KUALA LUMPUR (Reuters) - Malaysia's former prime minister Najib Razak said on Wednesday that authorities had infringed on his personal freedoms by freezing his bank account.
Najib was arrested and charged in Malaysia last week with abuse of power and criminal breach of trust related to an alleged transfer of 42 million ringgit (7.9 million pounds) into his personal bank account from SRC International, a former unit of state fund 1MDB. He has pleaded not guilty to the charges and was released after posting bail. Najib has consistently denied any wrongdoing in relation to 1MDB.
Malaysia's Anti-Corruption Commission (MACC), which is leading the investigation into 1MDB, froze more than 400 bank accounts last week as part of an investigation into alleged misappropriation of funds from 1Malaysia Development Berhad (1MDB), a fund founded by Najib. It said it believed the accounts were linked to the misappropriation and misuse of 1MDB funds.
Najib said his children and grandchildren's bank accounts, also frozen last week, have since been released. But his account remained frozen, he said in a statement on his Facebook page.
The account was used only to receive his salary and pension as a public official, and had "nothing to do with matters relating to the investigation conducted with the authorities", he said.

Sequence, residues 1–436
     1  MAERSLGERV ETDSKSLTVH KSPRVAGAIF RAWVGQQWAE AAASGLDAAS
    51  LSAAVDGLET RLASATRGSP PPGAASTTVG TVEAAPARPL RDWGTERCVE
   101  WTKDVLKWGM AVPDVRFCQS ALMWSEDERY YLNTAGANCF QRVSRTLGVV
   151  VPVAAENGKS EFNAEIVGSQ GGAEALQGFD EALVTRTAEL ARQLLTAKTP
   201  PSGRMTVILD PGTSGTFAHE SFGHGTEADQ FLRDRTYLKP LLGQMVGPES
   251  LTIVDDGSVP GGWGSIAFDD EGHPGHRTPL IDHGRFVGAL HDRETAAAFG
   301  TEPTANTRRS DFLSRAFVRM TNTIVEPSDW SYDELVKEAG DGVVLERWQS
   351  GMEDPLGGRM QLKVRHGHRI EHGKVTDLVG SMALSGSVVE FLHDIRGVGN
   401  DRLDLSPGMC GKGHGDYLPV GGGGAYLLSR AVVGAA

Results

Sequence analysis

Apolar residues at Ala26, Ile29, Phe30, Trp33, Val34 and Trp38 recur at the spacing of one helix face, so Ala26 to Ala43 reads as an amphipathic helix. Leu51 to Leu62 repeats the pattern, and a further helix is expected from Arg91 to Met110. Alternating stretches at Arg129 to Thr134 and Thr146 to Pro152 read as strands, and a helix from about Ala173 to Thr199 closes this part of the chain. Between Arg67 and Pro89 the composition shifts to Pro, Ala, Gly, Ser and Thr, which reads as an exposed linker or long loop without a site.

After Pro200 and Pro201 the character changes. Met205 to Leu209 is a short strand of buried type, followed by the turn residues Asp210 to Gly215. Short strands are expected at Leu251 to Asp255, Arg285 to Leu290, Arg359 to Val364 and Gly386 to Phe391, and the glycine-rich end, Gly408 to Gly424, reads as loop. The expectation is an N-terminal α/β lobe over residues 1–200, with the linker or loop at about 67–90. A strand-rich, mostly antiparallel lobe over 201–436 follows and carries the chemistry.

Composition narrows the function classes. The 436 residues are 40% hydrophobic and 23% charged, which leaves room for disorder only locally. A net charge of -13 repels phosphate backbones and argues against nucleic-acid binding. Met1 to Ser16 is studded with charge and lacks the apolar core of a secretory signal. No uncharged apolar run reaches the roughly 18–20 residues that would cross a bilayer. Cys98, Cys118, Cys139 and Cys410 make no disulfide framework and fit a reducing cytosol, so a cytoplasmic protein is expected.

"The undue conduct of the relevant agency and the timing of the freezing of my account is uncalled for," he said.
"Why is my personal liberty been circumvented when the court had already granted me bail pending trial and the fact that I have complied with my bail conditions?"
The MACC did not immediately respond to a request seeking comment.
Najib said freezing his account had made it hard for him to pay bills and perform his role as the head of his family.
"Like any other citizen I deserve to be given access to my personal freedom until my trial is completed," he said.
Najib and his family have come under intense public scrutiny since he lost an election on May 9 to his former mentor-turned-foe, Mahathir Mohamad, who reopened domestic investigations into 1MDB as one of his first acts as prime minister.
Last week, Najib filed lawsuits against three top officials involved in the 1MDB probe, in a bid to quell public criticism over his alleged role in the case. In three civil filings, Najib's lawyers alleged that the head of MACC, Mohd Shukri Abdull, police commercial crimes head Amar Singh and Attorney General Tommy Thomas were prejudiced against him over the course of their investigations.
They did not immediately respond to requests for comment. Only Shukri has commented on the lawsuits, telling local media "let him sue, I will accept it."
1MDB is being investigated by at least six countries, including Singapore, Switzerland and the United States, over alleged money laundering and graft.
The U.S. Department of Justice says an estimated $4.5 billion was misappropriated from 1MDB by high-level officials of the fund and their associates.
(Reporting by Rozanna Latiff and A. Ananthalakshmi; Editing by Neil Fullick.)